European Journal of Medicinal Chemistry“Herein, 11 general types of natural cannabinoids from Cannabis sativa as well as 50 (-)-CBD analogues with therapeutic potential were described. The underlying molecular mechanisms of CBD as a therapeutic candidate for epilepsy and neurodegenerative diseases were comprehensively clarified. CBD indirectly acts as an endogenous cannabinoid receptor agonist to exert its neuroprotective effects. CBD also promotes neuroprotection through different signal transduction pathways mediated indirectly by cannabinoid receptors. Furthermore, CBD prevents the glycogen synthase kinase 3β (GSK-3β) hyperphosphorylation caused by Aβ and may be developed as a new therapeutic candidate for Alzheimer’s disease.”

https://www.ncbi.nlm.nih.gov/pubmed/32109623

“For AD treatment, CBD can rescue the production of neurofibrillary tangles and inhibit neuronal apoptosis.”

https://www.sciencedirect.com/science/article/abs/pii/S0223523420301306?via%3DihubImage 1

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Cannabinoids in the Treatment of Epilepsy: Current Status and Future Prospects.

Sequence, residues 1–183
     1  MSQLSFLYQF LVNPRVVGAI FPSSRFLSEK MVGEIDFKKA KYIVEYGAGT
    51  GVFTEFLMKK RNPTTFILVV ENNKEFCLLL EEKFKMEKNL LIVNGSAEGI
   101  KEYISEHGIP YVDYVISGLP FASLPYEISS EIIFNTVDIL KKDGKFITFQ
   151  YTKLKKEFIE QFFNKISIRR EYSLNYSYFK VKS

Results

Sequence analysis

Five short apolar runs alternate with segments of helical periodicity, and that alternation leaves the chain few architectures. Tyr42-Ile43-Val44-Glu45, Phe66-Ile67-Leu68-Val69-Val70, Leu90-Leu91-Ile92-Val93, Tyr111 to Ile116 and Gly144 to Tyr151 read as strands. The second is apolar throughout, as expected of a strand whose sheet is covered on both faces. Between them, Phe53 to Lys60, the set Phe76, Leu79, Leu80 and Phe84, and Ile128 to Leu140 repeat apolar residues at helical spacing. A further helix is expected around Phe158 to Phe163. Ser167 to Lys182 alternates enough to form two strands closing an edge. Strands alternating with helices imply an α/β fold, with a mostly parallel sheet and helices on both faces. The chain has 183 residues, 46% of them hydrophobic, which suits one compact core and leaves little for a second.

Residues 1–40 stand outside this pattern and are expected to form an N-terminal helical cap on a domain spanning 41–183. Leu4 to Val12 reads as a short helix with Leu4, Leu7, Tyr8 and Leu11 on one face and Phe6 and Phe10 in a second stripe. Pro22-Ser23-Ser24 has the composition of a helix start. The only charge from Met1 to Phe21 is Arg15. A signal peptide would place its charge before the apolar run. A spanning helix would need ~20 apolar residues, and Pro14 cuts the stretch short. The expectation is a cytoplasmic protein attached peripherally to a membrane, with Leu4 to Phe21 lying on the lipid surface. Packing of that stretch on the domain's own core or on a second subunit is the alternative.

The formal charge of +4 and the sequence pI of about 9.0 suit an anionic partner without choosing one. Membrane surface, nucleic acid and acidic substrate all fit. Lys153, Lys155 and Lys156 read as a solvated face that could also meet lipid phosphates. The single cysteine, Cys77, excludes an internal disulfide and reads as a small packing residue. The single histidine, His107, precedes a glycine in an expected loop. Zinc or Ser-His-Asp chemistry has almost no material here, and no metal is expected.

“Cannabidiol (CBD) is one of the prominent phytocannabinoids found in Cannabis sativa, differentiating from Δ9-tetrahydrocannabinol (THC) for its non-intoxicating profile and its antianxiety/antipsychotic effects. CBD is a multi-target drug whose anti-convulsant properties are supposed to be independent of endocannabinoid receptor CB1 and might be related to several underlying mechanisms, such as antagonism on the orphan GPR55 receptor, regulation of adenosine tone, activation of 5HT1A receptors and modulation of calcium intracellular levels. CBD is a lipophilic compound with low oral bioavailability (6%) due to poor intestinal absorption and high first-pass metabolism. Its exposure parameters are greatly influenced by feeding status (ie, high fat-containing meals). It is mainly metabolized by cytochrome P 450 (CYP) 3A4 and 2C19, which it strongly inhibits.

A proprietary formulation of highly purified, plant-derived CBD has been recently licensed as an adjunctive treatment for Dravet syndrome (DS) and Lennox-Gastaut syndrome (LGS), while it is being currently investigated in tuberous sclerosis complex. The regulatory agencies’ approval was granted based on four pivotal double-blind, placebo-controlled, randomized clinical trials (RCTs) on overall 154 DS patients and 396 LGS ones, receiving CBD 10 or 20 mg/kg/day BID as active treatment. The primary endpoint (reduction in monthly seizure frequency) was met by both CBD doses.